Hispanic Cultures Seminar: The Legacy of Lygia Clark's Structuring of the Self

Date: 

Monday, April 10, 2017, 12:00pm

Location: 

Barker Center, Nebel Room 359

L. Clark

Lygia Clark (1920–1988) was a leading abstract artist at the forefront of the Neoconcrete movement in Brazil. She developed her artistic practice by increasingly experimenting with sensory experience, leading to her Objetos sensoriais (Sensorial objects). These objects—often made of modest and everyday materials such as air, plastic, and seashells—were meant to be touched and manipulated by the spectator, exploring the body and eventually the relation between bodies. She referred to this type of collective work as a “ritual without myth.” Subsequently, Clark developed a series of therapeutic propositions that engaged with subjectivity itself. Known as the Estructuraçaõ do self (Structuring of the self), this therapeutic work with individuals used what she called Objetos relacionais (Relational objects), which she placed on the body of her clients. This session brings together two of Clark’s engaged disciples: psychologist Gina Ferreira and artist and therapist Lula Wanderley. They each employ Clark’s therapy in present day contexts for psychiatric care in Brazil. The session includes film documentation that introduces Clark’s turn to therapy and is followed by a 10-minute presentation by each guest on their clinical work, after which will we open it to a conversation with members of the audience.

* Program will be in Portuguese.

Speakers

Gina Ferreira is a psychologist, specialist in Laps Fiocruz Social Psychiatry, and pursing a PhD in Social Psychology from the University of Barcelona. She worked with renowned psychiatrist Nise da Silveira as technical coordinator of Casa das Palmeiras for five years. She trained with psychiatrist R.D. Laing in London at the Therapeutic Community of Mayfield Road in 1980, specializing in clinic psychosis. In 1996 she was Coordinator of Mental Health in the Municipality of Angra dos Reis, creating technical, political and social strategies for the social rehabilitation of long-term psychiatric patients, for which she won the International Award of the World Association of Psychosocial Rehabilitation in Rotterdam.  She studied the Structuring of the Self method with Lygia Clark and was authorized by the artist to use the method in her clinical practice. She also works on the training and formation of new professionals. She was invited to the In Transit Seminar in Berlin by art professor and performance artist Eleonora Sabião. She also participated in MoMA’s Annual Seminar with a presentation of her work: “A Clinical Case of Psychosis and the Structuring of the Self by Lygia Clark.” Ferreira is a professor at the Mental Health Superior School of the Ministry of Health and at the Angel Viana Superior School of Dance.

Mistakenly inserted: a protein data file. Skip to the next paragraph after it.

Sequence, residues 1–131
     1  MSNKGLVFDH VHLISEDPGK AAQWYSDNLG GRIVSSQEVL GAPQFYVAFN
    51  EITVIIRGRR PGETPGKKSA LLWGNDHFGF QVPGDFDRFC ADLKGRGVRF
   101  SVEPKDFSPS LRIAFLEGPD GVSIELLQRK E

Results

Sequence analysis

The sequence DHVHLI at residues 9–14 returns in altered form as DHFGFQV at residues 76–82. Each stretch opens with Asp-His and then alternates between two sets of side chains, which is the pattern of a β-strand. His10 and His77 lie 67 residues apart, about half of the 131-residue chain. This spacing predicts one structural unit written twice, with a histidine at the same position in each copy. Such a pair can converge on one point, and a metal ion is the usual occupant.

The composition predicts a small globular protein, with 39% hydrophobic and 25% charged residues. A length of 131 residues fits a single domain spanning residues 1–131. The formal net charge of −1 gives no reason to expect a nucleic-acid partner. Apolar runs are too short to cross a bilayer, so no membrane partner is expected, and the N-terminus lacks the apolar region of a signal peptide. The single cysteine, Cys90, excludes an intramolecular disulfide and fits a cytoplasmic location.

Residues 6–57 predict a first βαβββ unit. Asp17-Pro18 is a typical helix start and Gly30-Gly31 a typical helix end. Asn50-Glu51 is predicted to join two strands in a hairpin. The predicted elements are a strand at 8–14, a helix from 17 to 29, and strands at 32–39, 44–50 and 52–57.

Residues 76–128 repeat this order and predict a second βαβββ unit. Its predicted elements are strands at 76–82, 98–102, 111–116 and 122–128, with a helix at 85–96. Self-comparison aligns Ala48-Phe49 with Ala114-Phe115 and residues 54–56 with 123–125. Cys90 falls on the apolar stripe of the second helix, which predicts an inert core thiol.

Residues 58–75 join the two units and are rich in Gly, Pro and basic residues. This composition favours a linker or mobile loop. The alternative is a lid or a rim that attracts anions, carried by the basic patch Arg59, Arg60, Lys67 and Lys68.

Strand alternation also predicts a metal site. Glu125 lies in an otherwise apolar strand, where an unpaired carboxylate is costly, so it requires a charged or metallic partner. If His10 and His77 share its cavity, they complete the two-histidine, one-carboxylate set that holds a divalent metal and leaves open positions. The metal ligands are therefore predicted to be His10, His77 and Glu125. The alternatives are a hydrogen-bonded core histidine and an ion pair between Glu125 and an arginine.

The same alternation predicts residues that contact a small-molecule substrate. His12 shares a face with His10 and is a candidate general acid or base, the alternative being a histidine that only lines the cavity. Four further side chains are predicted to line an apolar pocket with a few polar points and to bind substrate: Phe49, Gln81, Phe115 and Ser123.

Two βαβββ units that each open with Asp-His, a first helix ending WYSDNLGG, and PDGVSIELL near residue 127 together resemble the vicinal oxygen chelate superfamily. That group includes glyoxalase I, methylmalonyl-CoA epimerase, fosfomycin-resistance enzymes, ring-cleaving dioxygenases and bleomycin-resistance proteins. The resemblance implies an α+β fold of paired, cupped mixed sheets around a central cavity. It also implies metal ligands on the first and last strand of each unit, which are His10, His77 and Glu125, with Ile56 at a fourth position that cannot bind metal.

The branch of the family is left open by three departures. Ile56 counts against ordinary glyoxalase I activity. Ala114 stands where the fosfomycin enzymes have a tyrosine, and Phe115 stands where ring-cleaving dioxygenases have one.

Lula Wanderley collaborated as a graphic artist with newspapers and magazines, and started working with visual poetry in Recife. Simultaneously, he studied medicine, graduating from the Federal University of Pernambuco. Since 1976, he collaborated with renowned psychiatrist Nise da Silveira, working at the Casa das Palmeiras in Rio de Janeiro. Invited by Silveira and Mário Pedrosa, he participated in the project to reformulate / reimagine the Museum of Images of the Unconscious. He also collaborated with Lygia Clark on her research on art/body/psyche. At the request of the Tápies Foundation (Barcelona) and of MoMA (New York), he assisted in the interpretation of Clark’s work for the formulation of retrospectives. He created the Espaço Aberto ao Tempo (EAT, where he is currently the technical coordinator): an institution focused on working with psychotics, which has as one of its main goals the search for an experimental and poetic clinical practice.

Moderated by Sergio Delgado Moya, Associate Professor of Romance Languages and Literatures, Harvard University, and Kaira M. Cabañas, Associate Professor in Art History, School of Art and Art History, University of Florida, Gainesville.

Event co-organized by ARTS@DRCLAS and the Hispanic Cultures Seminar at the Mahindra Humanities Center.

Free and open to the public.